|Title||Knife with Case|
|Collector||Frank Gouldsmith Speck|
Metal knife with wooden handle. Leather case with leather straps on either end of the top, and multicolored glass beading on front side of case. "Montagnais - Naskapi" is marked on box and label inside box.
Presented with the papers of Frank Gouldsmith Speck (APS Library).
Montagnais-Naskapi was a term formerly used for Native American groups, now called the Innu, whose borders overlapped on the Quebec-Labrador peninsula of Canada. With the introduction of European metal, many Native American groups embraced metal knives as replacements for those made out of bone or wood. Glass beads, also brought by Europeans, often supplanted porcupine quills as the ornamental materials of choice. Beadworkers created special designs on knife cases to provide spiritual guidance for hunters. Women typically used smaller knives, such as this one, for preparing hides and meat. Anthropologist Frank Gouldsmith Speck gave this knife to the APS along with a native American gourd (01.C.15). Speck travelled among the Innu between 1908 and 1932, collecting objects he later distributed to the museums that supported his research, including the University of Pennsylvania Museum of Archaeology and Anthropology and the American Museum of Natural History in New York.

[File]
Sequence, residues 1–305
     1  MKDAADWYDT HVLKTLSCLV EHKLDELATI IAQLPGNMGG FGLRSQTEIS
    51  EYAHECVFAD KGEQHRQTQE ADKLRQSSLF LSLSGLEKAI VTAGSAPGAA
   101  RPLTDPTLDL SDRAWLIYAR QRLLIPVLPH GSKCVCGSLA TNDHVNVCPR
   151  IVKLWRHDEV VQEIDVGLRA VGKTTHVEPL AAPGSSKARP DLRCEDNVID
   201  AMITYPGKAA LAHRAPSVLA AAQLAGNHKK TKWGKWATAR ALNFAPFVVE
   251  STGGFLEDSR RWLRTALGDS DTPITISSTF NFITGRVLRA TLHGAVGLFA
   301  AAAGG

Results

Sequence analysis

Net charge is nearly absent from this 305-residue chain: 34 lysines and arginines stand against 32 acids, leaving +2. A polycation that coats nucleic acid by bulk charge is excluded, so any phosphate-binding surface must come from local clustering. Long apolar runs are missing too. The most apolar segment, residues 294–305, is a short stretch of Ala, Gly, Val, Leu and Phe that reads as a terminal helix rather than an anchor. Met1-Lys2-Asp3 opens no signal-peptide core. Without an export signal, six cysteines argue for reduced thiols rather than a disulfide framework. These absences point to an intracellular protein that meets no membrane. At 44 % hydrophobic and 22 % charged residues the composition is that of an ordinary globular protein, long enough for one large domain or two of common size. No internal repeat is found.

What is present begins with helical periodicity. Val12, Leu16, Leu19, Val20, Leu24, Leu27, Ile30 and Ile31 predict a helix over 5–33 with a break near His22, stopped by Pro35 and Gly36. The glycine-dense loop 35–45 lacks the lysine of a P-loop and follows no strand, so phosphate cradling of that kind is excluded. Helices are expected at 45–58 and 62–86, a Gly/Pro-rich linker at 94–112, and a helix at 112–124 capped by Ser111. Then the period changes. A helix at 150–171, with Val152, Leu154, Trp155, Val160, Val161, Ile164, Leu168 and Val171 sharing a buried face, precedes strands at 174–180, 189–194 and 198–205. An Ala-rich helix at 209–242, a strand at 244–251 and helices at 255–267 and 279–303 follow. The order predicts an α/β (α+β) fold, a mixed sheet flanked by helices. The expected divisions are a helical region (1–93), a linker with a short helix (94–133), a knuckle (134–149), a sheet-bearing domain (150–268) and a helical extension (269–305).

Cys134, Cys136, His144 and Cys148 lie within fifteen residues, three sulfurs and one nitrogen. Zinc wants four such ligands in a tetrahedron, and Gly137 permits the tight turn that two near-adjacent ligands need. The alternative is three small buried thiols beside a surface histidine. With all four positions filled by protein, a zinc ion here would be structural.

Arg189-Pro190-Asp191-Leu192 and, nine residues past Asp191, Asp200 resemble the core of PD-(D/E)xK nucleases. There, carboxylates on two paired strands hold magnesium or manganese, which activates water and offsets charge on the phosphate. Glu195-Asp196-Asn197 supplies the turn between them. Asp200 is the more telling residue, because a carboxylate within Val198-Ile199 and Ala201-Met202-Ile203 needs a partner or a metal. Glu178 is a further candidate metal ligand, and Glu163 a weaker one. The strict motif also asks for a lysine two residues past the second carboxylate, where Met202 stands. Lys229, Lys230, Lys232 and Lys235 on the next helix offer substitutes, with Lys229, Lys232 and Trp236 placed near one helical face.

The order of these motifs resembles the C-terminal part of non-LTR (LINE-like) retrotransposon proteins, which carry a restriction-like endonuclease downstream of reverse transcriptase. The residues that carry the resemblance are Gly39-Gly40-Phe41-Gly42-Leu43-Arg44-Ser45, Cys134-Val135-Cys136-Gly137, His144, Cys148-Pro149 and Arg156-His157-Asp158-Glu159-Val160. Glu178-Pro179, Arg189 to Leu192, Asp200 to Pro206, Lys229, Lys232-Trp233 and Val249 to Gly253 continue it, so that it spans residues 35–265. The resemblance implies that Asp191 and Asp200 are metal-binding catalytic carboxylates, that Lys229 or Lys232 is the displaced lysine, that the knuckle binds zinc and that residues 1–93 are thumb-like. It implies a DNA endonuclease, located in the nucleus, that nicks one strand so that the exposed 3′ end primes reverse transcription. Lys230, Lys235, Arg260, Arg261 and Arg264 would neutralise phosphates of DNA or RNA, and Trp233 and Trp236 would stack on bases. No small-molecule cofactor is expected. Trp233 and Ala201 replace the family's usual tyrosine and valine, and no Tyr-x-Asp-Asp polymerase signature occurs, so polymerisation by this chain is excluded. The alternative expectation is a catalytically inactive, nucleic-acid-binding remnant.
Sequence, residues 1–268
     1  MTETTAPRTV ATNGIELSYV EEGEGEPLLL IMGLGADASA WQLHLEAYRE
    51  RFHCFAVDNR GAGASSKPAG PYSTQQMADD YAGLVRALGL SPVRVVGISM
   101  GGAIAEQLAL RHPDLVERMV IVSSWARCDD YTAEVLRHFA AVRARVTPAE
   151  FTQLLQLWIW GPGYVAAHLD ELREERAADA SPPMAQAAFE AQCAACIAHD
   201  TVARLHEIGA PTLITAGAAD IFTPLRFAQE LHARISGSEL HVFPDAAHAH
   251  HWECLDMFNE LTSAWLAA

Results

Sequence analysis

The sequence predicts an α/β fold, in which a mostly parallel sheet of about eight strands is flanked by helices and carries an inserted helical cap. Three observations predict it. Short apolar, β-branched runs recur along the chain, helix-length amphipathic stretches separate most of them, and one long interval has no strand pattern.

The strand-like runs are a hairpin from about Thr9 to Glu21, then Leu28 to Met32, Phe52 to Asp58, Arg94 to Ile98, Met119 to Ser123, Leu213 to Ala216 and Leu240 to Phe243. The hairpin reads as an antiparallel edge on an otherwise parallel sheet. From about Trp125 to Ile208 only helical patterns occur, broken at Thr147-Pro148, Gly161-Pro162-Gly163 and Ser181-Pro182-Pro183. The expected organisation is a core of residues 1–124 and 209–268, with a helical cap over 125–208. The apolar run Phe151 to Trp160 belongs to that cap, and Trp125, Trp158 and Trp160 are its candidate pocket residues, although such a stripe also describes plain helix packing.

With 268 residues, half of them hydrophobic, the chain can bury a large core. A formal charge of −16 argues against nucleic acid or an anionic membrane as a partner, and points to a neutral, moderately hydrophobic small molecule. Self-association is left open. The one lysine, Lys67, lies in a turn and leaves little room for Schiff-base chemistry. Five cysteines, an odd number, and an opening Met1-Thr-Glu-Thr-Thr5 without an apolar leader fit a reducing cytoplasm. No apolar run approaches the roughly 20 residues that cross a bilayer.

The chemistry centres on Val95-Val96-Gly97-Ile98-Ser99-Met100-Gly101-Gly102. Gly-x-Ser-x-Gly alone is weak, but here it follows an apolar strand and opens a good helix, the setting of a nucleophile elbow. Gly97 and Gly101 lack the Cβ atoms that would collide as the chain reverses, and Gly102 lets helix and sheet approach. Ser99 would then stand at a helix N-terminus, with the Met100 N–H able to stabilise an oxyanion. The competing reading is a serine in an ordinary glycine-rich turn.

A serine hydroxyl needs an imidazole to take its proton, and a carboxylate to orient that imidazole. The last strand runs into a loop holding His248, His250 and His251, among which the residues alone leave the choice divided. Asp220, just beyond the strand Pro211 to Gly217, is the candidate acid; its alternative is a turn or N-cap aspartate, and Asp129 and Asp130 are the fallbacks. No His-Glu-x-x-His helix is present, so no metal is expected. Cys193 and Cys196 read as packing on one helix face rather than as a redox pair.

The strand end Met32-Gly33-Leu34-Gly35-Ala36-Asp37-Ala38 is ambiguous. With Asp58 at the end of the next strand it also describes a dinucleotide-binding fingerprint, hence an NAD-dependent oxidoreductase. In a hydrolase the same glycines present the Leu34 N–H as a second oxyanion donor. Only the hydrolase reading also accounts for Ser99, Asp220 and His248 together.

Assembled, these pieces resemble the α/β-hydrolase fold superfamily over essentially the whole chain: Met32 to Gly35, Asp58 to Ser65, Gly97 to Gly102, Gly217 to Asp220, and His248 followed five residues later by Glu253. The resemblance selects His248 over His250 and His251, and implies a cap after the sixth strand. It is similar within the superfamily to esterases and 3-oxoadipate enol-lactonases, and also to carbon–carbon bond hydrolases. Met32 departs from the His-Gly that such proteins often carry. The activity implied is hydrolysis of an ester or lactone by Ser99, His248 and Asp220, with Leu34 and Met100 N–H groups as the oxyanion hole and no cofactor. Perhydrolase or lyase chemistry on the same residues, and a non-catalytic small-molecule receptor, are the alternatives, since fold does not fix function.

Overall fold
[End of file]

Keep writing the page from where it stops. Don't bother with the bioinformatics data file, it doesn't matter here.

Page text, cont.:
|Material||Metal, leather, glass|
|Dimensions||W-1.125 L-10.5 inches|
|Dimension Details||Case: 9.5 x 2.75 (not incl. strings)|
|Credit line||American Philosophical Society. Gift of Mrs. Frank Speck, 1950.|